Academic journal article ETC.: A Review of General Semantics

The Science and Sanity of Listening

Academic journal article ETC.: A Review of General Semantics

The Science and Sanity of Listening

Article excerpt


Listening, we are told, is a vital part of our daily lives. Listening is the only way we can properly learn new information or understand how to do things. Beyond this, one often hears, listening is necessary for esthetic pleasure, relationship building, and to advance one's career. Still, it seems to be an aspect of communication with which many people struggle. Indeed, although aware of the instrumentality of listening, even trained communicators often fail to listen correctly or at opportune times. This article will argue that part of the difficulty with listening may not come from a true failure to listen, but from the abstract nature of word "listening" itself.

Listening is done in a variety of situations and for a variety of reasons, many of which do not involve an overlapping skill set. When one listens to music, one is not involved in the same sort of activity as when one listens to a friend vent after a difficult day of work or when one listens to one's employer give instructions on a new procedure. The wildly different nature of these activities and the skills involved in them mean that one can easily be listening, and yet simultaneously fail to listen. In fact, as will be shown later, some forms of listening actually preclude other forms; that is to say that in the case of listening AA. Because of this, listening is a slippery term and one who wishes to become a good listener is inevitably prone to failure.

On the other hand, there are a series of tools that come from the discipline of general semantics that allow us to properly navigate thorny abstract terms such as "listening." The purpose of this article is to use some of these tools to help us come to a better understanding of the abstract nature of the term listening. The article will show that through the application of what general semanticists refer to as "extensional devices," listening can become a less abstract and more manageable skill set, which will allow us to perform better the basic operations that fall under the abstract heading of "listening." To accomplish this, the article will first examine the literature arising from the field of interpersonal communication regarding listening. Next, the article will consider how the notion of extensional devices, which comes from the discipline of general semantics, can be applied to better understand the concept of listening. The article will go on to show that applying these devices to the types of listening can help clarify the listening that is needed at a particular time and a particular place. Finally, the article will recommend procedures whereby a communicator can apply the devices for his or her listening to arrive at a saner experience.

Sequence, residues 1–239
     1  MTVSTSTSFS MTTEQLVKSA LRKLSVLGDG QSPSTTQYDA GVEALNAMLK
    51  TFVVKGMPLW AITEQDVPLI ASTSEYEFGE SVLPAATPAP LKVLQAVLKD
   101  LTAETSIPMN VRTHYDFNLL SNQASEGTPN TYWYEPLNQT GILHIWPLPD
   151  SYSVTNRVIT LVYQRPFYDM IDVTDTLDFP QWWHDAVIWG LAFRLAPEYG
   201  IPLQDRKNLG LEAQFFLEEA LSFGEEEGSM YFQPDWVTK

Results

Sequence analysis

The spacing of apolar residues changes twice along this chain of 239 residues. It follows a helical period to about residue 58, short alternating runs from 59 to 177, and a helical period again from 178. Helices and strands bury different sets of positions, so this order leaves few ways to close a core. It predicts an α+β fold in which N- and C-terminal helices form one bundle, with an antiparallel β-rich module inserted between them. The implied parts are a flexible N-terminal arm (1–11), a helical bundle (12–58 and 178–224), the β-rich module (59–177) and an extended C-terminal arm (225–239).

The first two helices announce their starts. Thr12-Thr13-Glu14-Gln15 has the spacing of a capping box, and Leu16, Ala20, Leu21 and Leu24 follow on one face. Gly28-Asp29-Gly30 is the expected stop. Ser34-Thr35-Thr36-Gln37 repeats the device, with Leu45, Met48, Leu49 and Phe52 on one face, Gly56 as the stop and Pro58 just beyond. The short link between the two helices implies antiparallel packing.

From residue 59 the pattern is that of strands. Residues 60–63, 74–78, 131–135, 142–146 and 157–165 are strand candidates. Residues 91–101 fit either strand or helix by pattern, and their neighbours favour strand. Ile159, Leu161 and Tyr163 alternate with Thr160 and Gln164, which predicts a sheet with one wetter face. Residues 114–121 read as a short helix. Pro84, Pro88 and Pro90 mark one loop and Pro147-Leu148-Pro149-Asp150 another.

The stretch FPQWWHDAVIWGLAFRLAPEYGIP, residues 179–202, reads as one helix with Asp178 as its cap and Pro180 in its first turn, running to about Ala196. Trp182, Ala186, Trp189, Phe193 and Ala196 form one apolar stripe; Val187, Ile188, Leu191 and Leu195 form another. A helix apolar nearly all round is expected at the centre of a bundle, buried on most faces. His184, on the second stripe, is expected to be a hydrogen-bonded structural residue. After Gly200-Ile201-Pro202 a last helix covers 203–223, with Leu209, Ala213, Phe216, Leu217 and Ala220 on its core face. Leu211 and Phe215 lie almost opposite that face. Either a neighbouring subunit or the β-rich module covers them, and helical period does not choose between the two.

Listening in Interpersonal Communication

Listening is a popular subject among scholars of interpersonal communication for a number of reasons. The fact that interpersonal scholars are often teachers and that listening is understood as an important part of our students' lives undoubtedly plays a role in the reason for the popularity of the subject matter. According to Buckley, "Students listen to the equivalent of a book a day; talk the equivalent of a book a week; read the equivalent of a book a month; and write the equivalent of a book a year" (1992, p. 622). According to another study, college students spend 55% of the time they spend communicating in listening (Emanuel et al., 2008), a number that only rises as they enter the workforce (Wolvin & Coakley, 1981, 1996). The need for teaching about listening appears evident, and so research by teaching professors logically flows as an outgrowth of this necessity.

Another reason that listening is such a popular subject for researchers of interpersonal communication is that listening is understood as having such an intense impact on the interpersonal relationship, the most common unit of analysis in interpersonal communication. Most people see listening as among the most important interpersonal skills (Wolvin, 1984). …

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